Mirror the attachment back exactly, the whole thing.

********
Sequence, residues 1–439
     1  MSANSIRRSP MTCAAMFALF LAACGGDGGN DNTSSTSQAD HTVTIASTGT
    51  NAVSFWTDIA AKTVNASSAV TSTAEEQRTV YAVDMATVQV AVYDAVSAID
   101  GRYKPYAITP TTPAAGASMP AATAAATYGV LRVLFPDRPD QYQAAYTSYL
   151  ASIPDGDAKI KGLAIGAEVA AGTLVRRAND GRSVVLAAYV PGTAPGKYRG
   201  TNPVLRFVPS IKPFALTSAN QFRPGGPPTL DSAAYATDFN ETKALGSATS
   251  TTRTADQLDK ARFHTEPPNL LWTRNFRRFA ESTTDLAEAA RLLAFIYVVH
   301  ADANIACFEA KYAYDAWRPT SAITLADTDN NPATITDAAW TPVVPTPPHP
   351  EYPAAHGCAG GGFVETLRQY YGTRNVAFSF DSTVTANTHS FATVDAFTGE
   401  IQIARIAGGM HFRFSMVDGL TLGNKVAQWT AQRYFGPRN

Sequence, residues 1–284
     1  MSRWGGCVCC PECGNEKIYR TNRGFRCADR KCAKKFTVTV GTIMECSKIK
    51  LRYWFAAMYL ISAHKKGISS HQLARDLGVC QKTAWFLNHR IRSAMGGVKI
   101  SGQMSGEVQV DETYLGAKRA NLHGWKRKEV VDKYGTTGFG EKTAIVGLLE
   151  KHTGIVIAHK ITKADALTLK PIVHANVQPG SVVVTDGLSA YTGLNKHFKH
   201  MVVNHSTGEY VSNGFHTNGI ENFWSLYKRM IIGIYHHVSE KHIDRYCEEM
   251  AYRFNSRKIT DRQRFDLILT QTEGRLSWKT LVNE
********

Sequence, residues 1–439
     1  MSANSIRRSP MTCAAMFALF LAACGGDGGN DNTSSTSQAD HTVTIASTGT
    51  NAVSFWTDIA AKTVNASSAV TSTAEEQRTV YAVDMATVQV AVYDAVSAID
   101  GRYKPYAITP TTPAAGASMP AATAAATYGV LRVLFPDRPD QYQAAYTSYL
   151  ASIPDGDAKI KGLAIGAEVA AGTLVRRAND GRSVVLAAYV PGTAPGKYRG
   201  TNPVLRFVPS IKPFALTSAN QFRPGGPPTL DSAAYATDFN ETKALGSATS
   251  TTRTADQLDK ARFHTEPPNL LWTRNFRRFA ESTTDLAEAA RLLAFIYVVH
   301  ADANIACFEA KYAYDAWRPT SAITLADTDN NPATITDAAW TPVVPTPPHP
   351  EYPAAHGCAG GGFVETLRQY YGTRNVAFSF DSTVTANTHS FATVDAFTGE
   401  IQIARIAGGM HFRFSMVDGL TLGNKVAQWT AQRYFGPRN

Sequence, residues 1–284
     1  MSRWGGCVCC PECGNEKIYR TNRGFRCADR KCAKKFTVTV GTIMECSKIK
    51  LRYWFAAMYL ISAHKKGISS HQLARDLGVC QKTAWFLNHR IRSAMGGVKI
   101  SGQMSGEVQV DETYLGAKRA NLHGWKRKEV VDKYGTTGFG EKTAIVGLLE
   151  KHTGIVIAHK ITKADALTLK PIVHANVQPG SVVVTDGLSA YTGLNKHFKH
   201  MVVNHSTGEY VSNGFHTNGI ENFWSLYKRM IIGIYHHVSE KHIDRYCEEM
   251  AYRFNSRKIT DRQRFDLILT QTEGRLSWKT LVNE